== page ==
noun, plural com·mod·i·ties.
Origin of commodity
Related formsnon·com·mod·i·ty, adjective, noun, plural non·com·mod·i·ties.
Examples from the Web for commodities
How did we reach the stage where female bodies are treated as commodities?
But most destructively, it distorts that most precious of all commodities for a patient with a disease: hope.
Given that he will soon speculate his remaining money on the commodities market, this downward trajectory does not bode well.One Perfect Summer Day in Virginia Woolf, Saul Bellow and Others|Matt Seidel|September 25, 2013|DAILY BEAST
And that move would be hugely consequential for markets, influencing the price of bonds, stocks, commodities, and gold.Today’s Unemployment Report Is an S.O.S. to the Fed|Daniel Gross|September 6, 2013|DAILY BEAST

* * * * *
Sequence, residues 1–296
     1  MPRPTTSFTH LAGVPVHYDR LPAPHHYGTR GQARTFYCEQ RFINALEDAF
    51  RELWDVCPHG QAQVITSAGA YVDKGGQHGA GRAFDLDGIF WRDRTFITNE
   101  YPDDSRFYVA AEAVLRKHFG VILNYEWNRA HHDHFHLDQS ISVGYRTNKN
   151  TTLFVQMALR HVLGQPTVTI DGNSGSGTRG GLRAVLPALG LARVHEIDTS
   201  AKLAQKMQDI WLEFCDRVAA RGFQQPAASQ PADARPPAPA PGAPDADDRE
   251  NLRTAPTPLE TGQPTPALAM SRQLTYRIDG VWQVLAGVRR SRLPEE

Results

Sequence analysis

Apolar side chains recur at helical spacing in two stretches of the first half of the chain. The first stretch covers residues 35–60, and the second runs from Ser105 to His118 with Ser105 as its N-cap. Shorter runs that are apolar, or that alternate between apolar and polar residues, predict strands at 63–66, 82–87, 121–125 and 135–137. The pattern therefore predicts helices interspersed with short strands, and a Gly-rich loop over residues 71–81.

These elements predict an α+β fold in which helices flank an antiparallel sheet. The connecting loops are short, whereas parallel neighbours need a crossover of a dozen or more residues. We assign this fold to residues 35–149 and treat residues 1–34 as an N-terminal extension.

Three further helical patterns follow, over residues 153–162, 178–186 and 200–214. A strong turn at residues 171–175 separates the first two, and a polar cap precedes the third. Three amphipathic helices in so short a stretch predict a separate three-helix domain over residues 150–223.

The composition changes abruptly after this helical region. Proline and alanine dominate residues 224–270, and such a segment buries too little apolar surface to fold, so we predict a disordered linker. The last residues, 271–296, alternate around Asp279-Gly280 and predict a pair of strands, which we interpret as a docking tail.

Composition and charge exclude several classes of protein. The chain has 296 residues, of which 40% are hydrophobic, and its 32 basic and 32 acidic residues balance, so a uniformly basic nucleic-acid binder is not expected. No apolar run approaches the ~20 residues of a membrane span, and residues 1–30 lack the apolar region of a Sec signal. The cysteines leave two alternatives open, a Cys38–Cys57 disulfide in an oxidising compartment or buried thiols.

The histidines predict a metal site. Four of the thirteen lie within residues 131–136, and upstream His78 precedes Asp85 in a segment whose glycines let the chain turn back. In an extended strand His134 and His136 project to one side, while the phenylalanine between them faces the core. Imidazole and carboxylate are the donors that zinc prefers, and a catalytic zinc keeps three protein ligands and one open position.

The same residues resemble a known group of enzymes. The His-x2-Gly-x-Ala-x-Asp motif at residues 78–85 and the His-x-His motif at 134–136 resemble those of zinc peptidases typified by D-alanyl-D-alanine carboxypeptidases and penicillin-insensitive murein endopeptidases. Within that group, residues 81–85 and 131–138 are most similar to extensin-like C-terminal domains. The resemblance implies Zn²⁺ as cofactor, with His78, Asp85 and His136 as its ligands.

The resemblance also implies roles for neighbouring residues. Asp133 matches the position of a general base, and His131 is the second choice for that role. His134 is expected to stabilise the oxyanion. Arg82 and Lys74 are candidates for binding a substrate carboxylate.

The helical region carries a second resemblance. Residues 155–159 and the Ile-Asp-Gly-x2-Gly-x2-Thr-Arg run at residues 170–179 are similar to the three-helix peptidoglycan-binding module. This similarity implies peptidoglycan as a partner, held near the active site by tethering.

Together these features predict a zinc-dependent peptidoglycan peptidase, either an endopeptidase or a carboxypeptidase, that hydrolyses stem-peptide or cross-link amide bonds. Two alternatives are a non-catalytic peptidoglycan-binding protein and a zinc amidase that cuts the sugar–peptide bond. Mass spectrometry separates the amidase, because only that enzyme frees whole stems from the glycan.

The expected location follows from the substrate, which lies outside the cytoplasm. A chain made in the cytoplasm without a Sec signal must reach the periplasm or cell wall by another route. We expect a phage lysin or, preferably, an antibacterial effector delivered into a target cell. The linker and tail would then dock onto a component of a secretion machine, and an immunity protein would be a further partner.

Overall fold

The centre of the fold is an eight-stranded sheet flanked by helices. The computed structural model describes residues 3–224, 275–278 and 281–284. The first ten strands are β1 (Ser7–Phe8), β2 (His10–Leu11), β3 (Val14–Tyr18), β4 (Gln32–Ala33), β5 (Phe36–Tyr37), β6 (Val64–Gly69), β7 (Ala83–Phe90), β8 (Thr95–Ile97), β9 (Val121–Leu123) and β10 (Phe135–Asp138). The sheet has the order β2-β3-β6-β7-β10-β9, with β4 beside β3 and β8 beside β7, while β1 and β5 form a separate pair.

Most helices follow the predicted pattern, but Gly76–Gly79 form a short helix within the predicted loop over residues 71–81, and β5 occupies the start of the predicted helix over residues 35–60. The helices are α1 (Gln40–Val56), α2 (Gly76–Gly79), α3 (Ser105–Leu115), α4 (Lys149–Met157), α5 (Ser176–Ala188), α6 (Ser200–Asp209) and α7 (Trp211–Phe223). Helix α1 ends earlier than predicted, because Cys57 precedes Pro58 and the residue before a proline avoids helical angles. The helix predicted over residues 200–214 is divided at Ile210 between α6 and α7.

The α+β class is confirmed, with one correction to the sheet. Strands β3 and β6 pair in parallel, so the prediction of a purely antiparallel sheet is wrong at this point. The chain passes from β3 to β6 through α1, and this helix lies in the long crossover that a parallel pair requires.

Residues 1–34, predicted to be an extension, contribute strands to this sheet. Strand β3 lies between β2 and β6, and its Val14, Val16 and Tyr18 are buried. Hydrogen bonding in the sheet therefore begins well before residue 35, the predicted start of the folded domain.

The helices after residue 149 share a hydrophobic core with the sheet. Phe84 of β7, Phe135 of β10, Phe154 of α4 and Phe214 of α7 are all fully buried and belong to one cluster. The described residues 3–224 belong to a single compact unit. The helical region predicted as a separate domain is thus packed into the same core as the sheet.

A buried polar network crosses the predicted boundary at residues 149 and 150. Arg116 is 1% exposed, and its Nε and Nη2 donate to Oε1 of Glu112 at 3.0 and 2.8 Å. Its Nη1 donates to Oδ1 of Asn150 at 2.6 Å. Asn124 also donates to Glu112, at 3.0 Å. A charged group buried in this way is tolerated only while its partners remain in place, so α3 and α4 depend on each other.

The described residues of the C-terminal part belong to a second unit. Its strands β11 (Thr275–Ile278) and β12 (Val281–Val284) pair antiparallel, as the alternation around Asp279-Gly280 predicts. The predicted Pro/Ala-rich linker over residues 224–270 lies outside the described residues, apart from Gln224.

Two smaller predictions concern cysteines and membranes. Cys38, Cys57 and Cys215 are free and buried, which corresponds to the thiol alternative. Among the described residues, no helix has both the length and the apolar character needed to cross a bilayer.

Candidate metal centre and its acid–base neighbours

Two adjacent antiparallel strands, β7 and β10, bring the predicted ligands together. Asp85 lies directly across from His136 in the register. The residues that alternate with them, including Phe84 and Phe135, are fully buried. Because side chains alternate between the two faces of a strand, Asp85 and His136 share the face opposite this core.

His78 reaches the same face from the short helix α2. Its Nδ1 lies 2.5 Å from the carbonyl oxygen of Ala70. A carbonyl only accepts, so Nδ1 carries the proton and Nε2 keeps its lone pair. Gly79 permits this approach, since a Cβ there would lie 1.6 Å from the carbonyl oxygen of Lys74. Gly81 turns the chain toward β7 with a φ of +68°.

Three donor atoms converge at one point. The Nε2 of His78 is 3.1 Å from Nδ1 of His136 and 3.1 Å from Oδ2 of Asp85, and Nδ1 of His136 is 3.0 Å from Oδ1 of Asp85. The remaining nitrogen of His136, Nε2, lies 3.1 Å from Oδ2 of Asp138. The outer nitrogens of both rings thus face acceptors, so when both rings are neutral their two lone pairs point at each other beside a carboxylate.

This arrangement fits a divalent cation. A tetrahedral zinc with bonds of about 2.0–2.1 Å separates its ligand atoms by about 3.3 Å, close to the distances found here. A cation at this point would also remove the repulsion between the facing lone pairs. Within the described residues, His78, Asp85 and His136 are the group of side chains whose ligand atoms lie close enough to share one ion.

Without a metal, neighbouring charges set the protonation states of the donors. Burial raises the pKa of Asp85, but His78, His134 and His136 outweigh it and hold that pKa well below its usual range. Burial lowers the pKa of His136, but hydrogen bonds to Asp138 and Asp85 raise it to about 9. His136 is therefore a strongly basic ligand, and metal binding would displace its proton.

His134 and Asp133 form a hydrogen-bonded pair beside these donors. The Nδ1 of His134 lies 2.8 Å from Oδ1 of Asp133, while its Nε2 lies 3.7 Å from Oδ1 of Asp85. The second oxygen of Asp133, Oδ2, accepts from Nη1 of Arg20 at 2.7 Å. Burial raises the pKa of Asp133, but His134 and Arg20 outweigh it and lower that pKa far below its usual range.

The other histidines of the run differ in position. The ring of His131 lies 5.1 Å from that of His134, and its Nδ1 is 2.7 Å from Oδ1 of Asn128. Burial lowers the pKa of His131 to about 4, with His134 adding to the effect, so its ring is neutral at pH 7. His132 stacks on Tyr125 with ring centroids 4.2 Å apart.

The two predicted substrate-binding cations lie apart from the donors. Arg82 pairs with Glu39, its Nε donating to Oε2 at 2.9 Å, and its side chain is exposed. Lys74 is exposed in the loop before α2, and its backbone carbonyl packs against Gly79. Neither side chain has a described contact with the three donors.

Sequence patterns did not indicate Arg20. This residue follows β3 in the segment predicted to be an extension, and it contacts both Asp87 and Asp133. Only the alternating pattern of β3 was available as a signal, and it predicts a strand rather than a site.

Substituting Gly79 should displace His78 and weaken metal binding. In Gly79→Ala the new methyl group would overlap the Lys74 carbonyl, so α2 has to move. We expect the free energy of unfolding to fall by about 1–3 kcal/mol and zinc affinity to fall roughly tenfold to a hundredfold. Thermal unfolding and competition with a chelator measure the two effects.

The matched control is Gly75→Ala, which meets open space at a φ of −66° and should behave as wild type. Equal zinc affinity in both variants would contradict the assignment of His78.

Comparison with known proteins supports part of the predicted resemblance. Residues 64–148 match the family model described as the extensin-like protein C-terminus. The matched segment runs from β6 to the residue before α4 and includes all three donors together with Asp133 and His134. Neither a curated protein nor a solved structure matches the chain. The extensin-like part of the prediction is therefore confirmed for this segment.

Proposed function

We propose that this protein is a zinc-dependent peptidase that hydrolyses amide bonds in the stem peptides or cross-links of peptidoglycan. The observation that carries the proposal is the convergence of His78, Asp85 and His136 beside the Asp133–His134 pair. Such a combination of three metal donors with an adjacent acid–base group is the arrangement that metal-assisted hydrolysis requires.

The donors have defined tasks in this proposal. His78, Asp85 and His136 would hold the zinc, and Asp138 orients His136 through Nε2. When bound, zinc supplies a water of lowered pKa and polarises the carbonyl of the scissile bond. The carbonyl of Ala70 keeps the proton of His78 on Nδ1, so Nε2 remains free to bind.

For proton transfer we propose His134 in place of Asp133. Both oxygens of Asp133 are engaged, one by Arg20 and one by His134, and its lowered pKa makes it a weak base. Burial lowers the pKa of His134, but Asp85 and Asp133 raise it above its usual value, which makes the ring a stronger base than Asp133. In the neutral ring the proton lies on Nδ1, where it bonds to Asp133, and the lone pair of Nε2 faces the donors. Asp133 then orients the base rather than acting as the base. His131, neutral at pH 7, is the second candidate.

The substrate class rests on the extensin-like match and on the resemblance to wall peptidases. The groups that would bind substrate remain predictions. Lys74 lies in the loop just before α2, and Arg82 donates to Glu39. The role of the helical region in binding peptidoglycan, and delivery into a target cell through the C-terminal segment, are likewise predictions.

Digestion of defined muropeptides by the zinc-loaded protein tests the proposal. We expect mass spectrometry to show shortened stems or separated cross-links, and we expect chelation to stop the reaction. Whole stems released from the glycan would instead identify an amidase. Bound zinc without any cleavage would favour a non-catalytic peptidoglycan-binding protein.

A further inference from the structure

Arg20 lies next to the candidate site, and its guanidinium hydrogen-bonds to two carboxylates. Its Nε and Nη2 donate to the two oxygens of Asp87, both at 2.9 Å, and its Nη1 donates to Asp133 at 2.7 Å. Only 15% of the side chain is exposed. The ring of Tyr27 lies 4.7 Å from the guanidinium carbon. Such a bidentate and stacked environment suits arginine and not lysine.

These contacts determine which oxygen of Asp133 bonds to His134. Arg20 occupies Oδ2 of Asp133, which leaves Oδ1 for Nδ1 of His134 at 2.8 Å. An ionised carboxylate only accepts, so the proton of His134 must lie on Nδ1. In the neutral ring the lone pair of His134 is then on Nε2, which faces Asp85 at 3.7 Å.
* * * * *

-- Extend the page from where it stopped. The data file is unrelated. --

The Fed announced QE3 on September 13 and, initially, commodities gained smartly.
For what is the reason that most commodities are held at such excessive rates, but because labour is so very dear?No Cross, No Crown|William Penn
The value of a commodity is not affected by the number of commodities of other kinds.
But who else could provide the demand for the commodities incorporating the capitalised surplus value?The Accumulation of Capital|Rosa Luxemburg
How are we to provide and pay for the commodities we need for the support of the nation?Rebuilding Britain|Alfred Hopkinson
During the Civil War, cloth as well as all other commodities were very high.Slave Narratives: A Folk History of Slavery in the United States|Work Projects Administration
British Dictionary definitions for commodities
noun plural -ties
- a quantity of goods
- convenience or expediency
Word Origin for commodity
Culture definitions for commodities
Any product manufactured or grown.